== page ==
Attachments become strong to buildings like this, buildings preceding their neighbors, epicenters of communities, a place of learning and old friend. Barkan explains that the property can be viewed as sort of owned in theory by a community because of this, a community asset.

“It can be one of those tools for fighting gentrification,” he says. A tool in a limited toolbox.

As these aspirations germinate, the community has been struggling for the last four years to communicate with the school district. Initiating a conversation has been generally unsuccessful and frustrating for the community.

“The real story is getting any information from the school district. It is irresponsible to ignore the dynamics of a community,” angrily exclaims Columbia City resident Rob Mohn on the phone.

Realizing the need to band together, Barkan, also a resident of Columbia City, helped found the group Friends of the Columbia School. The group's conception came to be about four years ago, right around the time it was made public that the building would eventually be closed. Discussions between neighbors and community members evolved into the group which is focused on organizing a cohesive and diverse voice amongst the community regarding the building. Their goal was to be prepared if the school came to them so they could explore questions surrounding financing the building, the historical aspect, and how these characteristics play into the development of the building and/or the property.

“We were not interested in taking ownership, proposing ideas to rent or buy the building,” says Barkan.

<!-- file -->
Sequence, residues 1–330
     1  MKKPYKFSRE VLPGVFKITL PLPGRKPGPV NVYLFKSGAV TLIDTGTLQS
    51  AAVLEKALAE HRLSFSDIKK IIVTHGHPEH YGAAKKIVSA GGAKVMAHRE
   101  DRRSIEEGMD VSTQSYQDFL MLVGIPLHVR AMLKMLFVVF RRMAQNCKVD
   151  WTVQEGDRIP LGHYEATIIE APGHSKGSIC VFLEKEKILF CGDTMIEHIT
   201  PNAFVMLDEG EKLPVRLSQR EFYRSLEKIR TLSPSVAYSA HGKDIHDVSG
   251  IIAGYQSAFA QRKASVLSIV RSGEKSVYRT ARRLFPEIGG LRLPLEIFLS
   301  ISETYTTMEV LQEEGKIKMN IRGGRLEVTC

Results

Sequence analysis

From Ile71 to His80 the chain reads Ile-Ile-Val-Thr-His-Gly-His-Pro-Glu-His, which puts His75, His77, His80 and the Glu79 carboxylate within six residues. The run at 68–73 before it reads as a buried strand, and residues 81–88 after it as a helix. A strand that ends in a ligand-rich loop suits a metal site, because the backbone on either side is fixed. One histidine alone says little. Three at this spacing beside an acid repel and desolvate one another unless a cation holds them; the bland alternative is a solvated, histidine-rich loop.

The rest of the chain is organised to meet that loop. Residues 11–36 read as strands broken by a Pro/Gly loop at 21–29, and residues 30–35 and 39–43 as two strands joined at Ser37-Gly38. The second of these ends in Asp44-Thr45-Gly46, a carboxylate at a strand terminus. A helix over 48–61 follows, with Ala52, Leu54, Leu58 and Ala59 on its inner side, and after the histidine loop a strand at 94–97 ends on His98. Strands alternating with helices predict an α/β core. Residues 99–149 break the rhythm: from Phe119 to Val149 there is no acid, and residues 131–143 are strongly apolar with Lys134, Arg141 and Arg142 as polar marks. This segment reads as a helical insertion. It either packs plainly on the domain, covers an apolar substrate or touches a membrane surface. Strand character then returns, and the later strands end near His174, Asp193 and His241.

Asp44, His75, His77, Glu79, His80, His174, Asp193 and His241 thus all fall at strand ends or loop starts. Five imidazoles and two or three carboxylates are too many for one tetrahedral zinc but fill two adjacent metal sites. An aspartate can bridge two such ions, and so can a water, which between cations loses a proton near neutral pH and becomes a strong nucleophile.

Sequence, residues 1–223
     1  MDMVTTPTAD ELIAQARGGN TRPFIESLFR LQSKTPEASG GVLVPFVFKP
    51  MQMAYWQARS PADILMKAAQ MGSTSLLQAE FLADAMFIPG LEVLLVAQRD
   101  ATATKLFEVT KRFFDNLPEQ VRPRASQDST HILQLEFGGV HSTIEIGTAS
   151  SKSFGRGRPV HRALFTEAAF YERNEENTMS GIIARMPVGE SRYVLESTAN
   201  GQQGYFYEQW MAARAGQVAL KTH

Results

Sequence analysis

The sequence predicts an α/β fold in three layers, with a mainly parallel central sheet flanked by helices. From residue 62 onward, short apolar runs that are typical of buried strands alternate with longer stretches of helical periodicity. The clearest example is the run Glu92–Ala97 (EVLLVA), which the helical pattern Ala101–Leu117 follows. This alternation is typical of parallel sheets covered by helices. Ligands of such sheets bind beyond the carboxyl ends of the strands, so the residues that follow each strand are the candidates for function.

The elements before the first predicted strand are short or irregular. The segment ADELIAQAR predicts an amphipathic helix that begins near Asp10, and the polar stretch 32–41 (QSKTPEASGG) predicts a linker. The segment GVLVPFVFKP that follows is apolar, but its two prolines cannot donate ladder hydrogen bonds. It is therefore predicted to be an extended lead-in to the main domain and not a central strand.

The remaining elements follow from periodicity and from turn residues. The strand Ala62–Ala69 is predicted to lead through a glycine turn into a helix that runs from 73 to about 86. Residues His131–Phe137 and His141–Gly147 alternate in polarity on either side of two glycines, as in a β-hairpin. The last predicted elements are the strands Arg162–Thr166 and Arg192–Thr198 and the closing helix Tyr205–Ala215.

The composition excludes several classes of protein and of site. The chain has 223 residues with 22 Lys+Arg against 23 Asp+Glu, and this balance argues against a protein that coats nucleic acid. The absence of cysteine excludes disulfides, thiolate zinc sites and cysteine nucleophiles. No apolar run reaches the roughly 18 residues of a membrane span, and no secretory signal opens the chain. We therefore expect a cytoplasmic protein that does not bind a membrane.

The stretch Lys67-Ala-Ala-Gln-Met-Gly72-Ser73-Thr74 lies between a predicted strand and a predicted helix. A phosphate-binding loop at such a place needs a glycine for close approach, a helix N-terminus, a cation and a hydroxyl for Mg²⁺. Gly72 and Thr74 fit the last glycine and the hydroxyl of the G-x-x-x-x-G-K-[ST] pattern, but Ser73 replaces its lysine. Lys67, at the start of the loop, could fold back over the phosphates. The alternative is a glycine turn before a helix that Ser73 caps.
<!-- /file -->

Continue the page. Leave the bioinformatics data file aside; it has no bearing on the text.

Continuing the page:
The problem: the school district has not initiated or provided any tangible information to the group or the community.

This has made organizing the group extremely difficult.

“It's never been clear how we can best organize neighbors and the community to interact with the city and school district if the city and school district didn't know exactly what they wanted to do with the building,” states Barkan.

Aspirations aside, he understands that the building is not actually owned by the community and that the district has different priorities and fiscal responsibilities that may override community interests, but would like to work together nonetheless. Should the community be a part of the decision process? It is a question that many communities are grappling with.

Barkan tried to contact Ron English, the Deputy General Counsel who oversees facilities, real estate and purchasing for the district, two weeks ago and never heard back.

“We've been contacted many times. I tend not to pay attention and I tell them I'll put them on the mailing list,” says English casually.

Deciding what to do with property owned by the school district is a tricky business. They have to examine kindergarten registration projections, changing neighborhoods, new transportation developments, and ever changing budgets. The result has been a process under constant revision with little in the way of concrete plans. New developments can result in sporadic plans that are be made at the drop of a hat.

“It's a brush off because I don't want to say 'no,' but I can only do it on our time table,” says English explaining putting interested parties on the mailing list.

English is interested in the building for some of the same reasons as the community. The new light rail station is one of the those reasons. But as plans change, he does not know for sure what the district intends to do with the property.